When Jay-Z was still hustlin’, Public Enemy blew away a crowd more used to guitars and wailing. This text below is from a 2008 article in the Observer about the gig by Chucky D:
My memory of playing Reading was trying to rip it to shreds. I knew we were the first hip hop act to headline a major UK festival. Bring it on! We would have welcomed someone saying they didn’t want us, like Noel Gallagher said about Jay-Z at Glastonbury, cos that just gives us more reasons to tear it up. When we first started a lot of people said rap couldn’t cut it live and we wanted to prove that turntables, microphones and stage gymnastics could be just as energetic as banging a guitar.
We were the first rap group to be able to handle festivals; we’d toured with Anthrax in 1991 and that helped us understand stage intensity. I’d heard Reading was a heavy metal festival but what we had was heavier than metal, we had heavy mental. Plus we had Flavor Flav, he could get away with anything, he’s a wild card, the only person in hip hop who’s never been imitated, the greatest hype man ever.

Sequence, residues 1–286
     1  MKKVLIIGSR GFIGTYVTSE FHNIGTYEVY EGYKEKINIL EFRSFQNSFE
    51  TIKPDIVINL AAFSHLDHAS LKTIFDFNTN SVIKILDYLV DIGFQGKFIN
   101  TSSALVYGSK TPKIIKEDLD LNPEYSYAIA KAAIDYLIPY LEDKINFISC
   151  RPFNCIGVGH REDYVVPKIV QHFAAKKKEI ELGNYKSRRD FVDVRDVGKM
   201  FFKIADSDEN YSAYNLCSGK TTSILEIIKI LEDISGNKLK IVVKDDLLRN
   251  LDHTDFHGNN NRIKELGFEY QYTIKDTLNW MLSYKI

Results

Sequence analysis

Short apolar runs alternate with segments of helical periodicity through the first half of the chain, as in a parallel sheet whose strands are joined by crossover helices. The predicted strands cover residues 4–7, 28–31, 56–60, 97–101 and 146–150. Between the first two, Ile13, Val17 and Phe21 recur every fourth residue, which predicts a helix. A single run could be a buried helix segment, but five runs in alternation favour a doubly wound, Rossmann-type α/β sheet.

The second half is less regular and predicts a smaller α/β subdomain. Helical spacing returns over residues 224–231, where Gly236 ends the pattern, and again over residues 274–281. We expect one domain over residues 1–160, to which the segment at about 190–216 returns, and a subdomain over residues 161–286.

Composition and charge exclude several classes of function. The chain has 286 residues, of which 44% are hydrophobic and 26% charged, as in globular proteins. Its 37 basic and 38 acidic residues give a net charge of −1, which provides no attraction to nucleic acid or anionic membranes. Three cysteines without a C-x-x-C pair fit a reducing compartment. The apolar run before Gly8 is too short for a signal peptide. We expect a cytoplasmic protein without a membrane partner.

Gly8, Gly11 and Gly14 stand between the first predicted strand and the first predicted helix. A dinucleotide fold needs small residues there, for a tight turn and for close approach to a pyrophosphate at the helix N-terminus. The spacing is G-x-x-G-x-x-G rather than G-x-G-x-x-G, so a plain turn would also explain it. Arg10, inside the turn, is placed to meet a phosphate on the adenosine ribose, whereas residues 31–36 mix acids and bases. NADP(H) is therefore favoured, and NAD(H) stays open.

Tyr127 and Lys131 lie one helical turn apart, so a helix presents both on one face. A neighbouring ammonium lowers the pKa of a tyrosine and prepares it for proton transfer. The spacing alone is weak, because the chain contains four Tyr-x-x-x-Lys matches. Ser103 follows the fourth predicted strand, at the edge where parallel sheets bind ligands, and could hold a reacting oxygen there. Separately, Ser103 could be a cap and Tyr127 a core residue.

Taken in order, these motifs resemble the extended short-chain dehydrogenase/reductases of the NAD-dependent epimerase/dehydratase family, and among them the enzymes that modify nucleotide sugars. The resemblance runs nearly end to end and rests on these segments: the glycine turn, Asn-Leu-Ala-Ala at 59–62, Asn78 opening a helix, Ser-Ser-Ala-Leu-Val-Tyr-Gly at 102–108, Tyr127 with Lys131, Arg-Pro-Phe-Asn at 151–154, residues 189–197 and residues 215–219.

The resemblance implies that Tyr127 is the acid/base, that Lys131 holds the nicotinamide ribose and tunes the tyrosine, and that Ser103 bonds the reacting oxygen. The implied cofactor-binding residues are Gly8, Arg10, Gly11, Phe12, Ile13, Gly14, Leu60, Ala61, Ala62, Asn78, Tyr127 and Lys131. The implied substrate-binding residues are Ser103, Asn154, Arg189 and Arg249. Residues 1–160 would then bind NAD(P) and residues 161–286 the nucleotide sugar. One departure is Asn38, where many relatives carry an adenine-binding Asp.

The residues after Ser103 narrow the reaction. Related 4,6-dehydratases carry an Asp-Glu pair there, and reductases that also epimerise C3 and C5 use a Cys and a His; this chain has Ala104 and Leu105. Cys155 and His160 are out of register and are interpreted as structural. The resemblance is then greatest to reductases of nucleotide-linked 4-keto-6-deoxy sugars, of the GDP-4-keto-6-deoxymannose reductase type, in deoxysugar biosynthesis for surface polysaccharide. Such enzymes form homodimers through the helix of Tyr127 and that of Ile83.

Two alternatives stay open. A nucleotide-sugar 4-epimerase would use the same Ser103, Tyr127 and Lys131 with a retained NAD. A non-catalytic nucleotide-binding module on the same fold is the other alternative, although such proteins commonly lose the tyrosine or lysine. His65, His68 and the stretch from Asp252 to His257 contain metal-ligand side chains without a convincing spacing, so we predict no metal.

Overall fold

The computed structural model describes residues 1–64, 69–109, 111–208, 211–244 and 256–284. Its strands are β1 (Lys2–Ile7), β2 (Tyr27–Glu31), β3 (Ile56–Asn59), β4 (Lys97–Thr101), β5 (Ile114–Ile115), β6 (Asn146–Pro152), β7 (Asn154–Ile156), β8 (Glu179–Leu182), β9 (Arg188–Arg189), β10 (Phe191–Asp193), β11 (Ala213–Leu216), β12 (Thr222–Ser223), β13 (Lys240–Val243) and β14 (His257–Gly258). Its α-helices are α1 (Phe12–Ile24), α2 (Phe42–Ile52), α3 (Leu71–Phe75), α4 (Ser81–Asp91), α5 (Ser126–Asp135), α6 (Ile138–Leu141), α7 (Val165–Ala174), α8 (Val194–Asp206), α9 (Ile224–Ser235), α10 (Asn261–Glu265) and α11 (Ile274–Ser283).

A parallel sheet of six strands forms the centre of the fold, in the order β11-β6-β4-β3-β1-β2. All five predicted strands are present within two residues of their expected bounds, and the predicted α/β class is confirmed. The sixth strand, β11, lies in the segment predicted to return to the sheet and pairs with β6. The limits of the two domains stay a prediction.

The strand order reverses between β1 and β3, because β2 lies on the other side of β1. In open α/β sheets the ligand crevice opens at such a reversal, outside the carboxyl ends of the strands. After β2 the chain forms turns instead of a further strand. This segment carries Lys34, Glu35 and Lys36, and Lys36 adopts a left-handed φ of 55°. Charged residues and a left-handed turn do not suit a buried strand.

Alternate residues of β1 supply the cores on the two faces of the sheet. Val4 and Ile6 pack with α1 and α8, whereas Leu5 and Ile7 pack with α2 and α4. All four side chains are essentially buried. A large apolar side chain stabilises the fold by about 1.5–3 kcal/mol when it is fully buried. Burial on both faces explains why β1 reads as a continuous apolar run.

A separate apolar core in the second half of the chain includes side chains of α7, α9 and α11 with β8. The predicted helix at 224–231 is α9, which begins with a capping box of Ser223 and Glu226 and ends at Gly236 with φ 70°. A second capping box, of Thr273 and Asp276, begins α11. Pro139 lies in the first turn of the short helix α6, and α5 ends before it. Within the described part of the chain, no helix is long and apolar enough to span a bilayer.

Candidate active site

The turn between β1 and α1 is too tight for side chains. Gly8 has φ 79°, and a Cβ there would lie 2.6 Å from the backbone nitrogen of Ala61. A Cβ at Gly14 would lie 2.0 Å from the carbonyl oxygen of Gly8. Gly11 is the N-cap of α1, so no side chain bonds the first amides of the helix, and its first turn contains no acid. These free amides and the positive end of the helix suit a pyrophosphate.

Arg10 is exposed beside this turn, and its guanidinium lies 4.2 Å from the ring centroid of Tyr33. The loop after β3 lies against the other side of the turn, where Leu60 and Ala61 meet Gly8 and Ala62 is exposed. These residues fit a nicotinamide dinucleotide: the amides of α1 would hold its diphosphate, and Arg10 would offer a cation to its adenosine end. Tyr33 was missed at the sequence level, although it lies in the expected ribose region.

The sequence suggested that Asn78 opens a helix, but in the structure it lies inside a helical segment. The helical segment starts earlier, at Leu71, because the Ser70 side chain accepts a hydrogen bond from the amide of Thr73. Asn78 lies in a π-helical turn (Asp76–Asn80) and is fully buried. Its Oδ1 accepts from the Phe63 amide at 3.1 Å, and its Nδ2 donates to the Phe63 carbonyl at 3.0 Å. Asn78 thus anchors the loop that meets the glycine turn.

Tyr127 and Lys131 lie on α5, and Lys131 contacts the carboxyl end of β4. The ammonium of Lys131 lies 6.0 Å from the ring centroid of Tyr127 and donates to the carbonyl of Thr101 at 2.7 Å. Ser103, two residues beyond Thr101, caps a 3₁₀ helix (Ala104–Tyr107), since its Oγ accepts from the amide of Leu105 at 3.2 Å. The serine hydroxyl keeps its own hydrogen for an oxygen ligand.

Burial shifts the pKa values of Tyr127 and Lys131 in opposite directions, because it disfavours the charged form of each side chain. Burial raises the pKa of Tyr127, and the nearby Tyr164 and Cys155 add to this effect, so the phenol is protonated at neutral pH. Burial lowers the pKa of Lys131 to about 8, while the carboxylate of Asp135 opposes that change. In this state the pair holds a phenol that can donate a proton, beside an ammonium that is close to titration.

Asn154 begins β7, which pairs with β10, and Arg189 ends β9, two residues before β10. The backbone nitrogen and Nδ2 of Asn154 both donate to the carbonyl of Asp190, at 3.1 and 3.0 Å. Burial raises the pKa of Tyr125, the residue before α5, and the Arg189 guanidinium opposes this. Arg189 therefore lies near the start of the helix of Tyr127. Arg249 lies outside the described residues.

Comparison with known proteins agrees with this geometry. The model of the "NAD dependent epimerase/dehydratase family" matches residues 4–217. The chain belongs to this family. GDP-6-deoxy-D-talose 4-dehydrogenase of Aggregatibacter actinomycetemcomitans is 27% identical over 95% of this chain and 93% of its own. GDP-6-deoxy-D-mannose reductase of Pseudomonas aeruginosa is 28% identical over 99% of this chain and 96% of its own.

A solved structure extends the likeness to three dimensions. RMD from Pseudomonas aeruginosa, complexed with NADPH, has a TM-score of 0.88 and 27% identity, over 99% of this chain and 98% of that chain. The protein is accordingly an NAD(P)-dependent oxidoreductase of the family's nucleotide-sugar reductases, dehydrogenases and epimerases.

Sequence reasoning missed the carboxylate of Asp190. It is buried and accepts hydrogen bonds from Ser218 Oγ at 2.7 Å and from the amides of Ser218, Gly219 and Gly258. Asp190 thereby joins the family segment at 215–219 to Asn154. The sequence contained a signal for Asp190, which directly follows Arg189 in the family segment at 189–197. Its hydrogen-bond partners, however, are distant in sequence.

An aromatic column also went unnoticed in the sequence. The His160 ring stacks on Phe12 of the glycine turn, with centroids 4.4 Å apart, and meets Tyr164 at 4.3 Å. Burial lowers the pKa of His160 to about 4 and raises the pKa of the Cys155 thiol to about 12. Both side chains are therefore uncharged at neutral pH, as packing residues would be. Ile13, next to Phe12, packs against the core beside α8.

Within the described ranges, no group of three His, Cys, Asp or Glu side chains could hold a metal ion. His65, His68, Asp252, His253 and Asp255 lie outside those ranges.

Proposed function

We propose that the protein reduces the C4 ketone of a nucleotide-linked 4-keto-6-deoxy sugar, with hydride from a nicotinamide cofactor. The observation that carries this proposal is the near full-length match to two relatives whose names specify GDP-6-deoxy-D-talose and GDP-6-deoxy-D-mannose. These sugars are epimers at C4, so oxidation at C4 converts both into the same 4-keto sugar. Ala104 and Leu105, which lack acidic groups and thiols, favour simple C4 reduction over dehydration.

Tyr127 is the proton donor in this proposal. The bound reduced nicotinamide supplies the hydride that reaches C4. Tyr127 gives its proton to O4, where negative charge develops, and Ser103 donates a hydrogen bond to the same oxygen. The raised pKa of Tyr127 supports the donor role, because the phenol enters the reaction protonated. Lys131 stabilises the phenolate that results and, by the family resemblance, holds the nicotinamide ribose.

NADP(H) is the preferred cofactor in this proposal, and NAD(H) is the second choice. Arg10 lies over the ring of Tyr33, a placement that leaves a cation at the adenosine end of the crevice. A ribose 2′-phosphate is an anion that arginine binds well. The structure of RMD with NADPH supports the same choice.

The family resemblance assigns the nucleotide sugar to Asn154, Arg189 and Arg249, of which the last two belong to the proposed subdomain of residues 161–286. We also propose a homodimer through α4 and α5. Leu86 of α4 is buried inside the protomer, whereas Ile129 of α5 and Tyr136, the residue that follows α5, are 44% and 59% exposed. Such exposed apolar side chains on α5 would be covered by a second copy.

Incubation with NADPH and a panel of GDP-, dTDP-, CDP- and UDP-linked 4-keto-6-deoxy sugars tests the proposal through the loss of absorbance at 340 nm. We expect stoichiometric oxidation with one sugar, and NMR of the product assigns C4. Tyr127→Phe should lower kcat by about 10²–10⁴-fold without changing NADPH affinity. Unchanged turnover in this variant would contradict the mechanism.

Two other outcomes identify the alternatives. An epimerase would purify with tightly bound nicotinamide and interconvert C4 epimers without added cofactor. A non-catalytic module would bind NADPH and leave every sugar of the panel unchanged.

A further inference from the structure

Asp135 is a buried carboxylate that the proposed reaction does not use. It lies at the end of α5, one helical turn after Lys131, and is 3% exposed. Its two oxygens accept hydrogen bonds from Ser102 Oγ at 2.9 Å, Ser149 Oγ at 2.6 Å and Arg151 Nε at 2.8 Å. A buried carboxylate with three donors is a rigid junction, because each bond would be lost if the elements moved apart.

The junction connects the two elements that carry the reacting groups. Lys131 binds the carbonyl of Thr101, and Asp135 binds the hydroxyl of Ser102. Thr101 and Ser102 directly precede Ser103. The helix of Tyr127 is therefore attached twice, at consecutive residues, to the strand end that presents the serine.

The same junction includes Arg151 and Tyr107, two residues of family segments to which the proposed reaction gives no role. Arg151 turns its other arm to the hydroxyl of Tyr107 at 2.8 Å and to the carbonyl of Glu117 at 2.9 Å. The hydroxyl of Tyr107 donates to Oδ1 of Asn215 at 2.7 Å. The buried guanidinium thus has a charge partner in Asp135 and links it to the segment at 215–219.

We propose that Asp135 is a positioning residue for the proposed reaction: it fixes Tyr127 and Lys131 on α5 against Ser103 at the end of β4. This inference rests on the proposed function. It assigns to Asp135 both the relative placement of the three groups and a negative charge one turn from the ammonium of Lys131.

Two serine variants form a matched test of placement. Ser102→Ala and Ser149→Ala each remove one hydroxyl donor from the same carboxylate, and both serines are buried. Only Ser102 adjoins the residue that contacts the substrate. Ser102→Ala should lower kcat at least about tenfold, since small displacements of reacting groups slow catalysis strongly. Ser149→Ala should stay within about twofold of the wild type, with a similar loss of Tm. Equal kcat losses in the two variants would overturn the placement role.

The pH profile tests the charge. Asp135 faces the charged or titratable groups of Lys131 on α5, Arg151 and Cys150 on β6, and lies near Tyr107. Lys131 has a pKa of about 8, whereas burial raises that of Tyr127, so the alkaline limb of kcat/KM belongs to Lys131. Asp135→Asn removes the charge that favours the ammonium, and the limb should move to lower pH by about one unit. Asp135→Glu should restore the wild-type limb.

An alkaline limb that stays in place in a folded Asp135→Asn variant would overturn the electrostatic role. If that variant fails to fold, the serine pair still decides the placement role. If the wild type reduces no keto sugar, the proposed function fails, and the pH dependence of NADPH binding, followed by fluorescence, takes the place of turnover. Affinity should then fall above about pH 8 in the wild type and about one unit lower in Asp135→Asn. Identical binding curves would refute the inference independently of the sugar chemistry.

If anyone said anything about us they said it really quiet. There’s always something with Public Enemy. People say Jay-Z is the Rolling Stones of rap, but he’s more like Bowie or maybe Rod Stewart. Run DMC are the Beatles, Kanye West is Elton John and Kool Keith is Frank Zappa. I don’t know whether Flav is Mick Jagger or Keith Richards, but we’re definitely the Rolling Stones of rap.
Power and speed, that’s the way it goes. That’s what ‘Bring The Noise’ was about, us saying, if you consider us noise then we’re going to bring it, harder than you can take. We knew there was a contingent that was going to do their thing and there were enough of them to convince everybody else they could get off on the rebellion and the power and the noise. I saw a bunch of whirlpools in the crowd at Reading, we were the first rap group that ever had a mosh pit. It wasn’t about Public Enemy, it was about us standing up for rap music.